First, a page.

Yesterday, my opponent responded to the release of my education proposal not by offering his own approach, which to date he has not done, but instead, by criticizing my plan as not providing specifics, inaccurately attacking my record as a school board member (full day Kindergarten has not been eliminated), and presenting a distorted portrayal of my plan. While I am glad to see that my opponent is troubled about the fiscal crisis affecting Long Island school districts, it appears that this interest is motivated by political opportunism, not genuine concern. If my opponent was truly worried about the direction of the South
Huntington School District, he would not have failed to vote in our school
board elections since moving into the District.
My opponent’s critique of my plan as lacking in substance with respect to the
inequity in the distribution of state aid funding is misguided. While the funding formulas used to calculate state aid are complex, the solution is not:
Long Island should get its fair share of state aid. While Long Island currently educates 17 percent of the State’s students, the region receives only 12 percent of state aid. We need to elect a representative who will fight for our rightful share of state aid and not be a rubber stamp for the Democratic majority. The funding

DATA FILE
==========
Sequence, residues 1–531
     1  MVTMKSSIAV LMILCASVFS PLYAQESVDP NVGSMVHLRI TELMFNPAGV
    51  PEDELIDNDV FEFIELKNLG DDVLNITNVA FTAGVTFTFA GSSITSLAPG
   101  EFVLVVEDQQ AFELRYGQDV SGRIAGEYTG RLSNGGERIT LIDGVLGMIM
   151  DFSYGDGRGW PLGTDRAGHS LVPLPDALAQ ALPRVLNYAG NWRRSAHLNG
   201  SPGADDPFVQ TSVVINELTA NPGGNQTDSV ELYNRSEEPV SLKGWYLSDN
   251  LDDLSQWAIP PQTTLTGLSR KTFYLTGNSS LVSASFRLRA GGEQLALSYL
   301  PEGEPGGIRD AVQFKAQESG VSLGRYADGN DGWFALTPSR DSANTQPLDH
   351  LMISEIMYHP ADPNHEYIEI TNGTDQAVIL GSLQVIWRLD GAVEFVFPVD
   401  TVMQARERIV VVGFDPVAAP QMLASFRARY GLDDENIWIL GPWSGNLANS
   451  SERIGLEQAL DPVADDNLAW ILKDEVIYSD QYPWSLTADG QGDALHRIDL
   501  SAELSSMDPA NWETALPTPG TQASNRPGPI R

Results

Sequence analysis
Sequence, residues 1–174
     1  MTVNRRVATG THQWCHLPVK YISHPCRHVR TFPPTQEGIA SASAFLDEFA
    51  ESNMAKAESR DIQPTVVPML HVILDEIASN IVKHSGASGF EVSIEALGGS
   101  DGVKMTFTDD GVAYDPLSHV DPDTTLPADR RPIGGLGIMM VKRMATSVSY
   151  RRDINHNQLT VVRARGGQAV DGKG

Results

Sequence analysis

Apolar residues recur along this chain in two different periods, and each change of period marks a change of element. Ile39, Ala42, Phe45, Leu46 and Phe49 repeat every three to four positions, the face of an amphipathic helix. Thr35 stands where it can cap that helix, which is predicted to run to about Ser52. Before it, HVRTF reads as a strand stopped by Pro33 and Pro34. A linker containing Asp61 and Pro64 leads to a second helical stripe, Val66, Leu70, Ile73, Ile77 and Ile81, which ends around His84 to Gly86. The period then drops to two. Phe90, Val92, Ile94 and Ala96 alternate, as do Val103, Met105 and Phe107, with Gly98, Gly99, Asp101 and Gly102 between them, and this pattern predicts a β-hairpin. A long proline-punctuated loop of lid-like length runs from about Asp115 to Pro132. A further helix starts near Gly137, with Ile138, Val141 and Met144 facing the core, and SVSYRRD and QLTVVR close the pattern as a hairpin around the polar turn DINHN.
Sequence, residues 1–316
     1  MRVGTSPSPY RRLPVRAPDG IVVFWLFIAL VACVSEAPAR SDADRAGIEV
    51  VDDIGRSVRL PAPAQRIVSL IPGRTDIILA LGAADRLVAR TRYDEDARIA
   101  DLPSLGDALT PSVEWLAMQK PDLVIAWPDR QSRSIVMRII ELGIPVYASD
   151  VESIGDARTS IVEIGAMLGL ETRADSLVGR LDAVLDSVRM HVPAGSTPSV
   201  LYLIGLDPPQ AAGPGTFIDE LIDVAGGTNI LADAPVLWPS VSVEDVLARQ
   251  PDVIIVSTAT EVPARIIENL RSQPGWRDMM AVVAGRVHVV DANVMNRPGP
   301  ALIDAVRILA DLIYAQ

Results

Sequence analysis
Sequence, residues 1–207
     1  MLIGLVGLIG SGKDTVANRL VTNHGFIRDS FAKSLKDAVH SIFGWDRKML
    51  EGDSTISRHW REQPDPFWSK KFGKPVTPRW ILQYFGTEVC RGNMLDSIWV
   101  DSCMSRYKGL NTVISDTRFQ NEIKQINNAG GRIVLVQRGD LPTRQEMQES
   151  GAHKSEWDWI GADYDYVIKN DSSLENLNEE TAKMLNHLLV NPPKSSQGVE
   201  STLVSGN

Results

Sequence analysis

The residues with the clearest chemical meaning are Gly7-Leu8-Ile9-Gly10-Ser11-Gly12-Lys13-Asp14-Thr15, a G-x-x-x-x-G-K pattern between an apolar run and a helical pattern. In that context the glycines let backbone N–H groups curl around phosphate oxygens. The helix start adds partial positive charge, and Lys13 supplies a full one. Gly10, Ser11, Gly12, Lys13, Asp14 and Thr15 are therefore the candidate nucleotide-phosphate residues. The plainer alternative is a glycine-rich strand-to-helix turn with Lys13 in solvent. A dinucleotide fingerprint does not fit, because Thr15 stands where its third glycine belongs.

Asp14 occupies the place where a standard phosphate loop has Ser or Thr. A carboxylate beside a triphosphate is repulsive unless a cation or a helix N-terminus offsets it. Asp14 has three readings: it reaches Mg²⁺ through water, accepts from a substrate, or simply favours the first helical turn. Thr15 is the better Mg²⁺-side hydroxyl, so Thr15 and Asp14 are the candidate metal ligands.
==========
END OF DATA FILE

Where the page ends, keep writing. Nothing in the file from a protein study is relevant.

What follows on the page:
disparity is long standing, and my opponent’s party, which has controlled the
State Assembly for the past thirty years, has failed to satisfactorily address
My proposal for mandate relief is also quite detailed, listing specific regulations that school boards are seeking relief from. As is my criticism of the fact that mandate relief should have accompanied the passage of the tax levy cap, not followed after it. While the tax cap was signed into law by Governor Andrew Cuomo on June 24, 2011, school districts still await the meaningful mandate relief that was promised.
Finally, while my opponent’s rhetoric regarding my pay-to-play proposal may constitute a good sound bite, it is divorced from the reality faced by school boards. I am not suggesting that Boards of Education should ask parents to pay for sports and extra-curricular activities. Rather, I am merely proposing that school boards should be given the flexibility to discuss this option with their
residents if it becomes financially impossible to fund such programs.
While I welcome a spirited debate about this issue with my opponent once he releases his proposal, such a discussion should be grounded in facts, rather than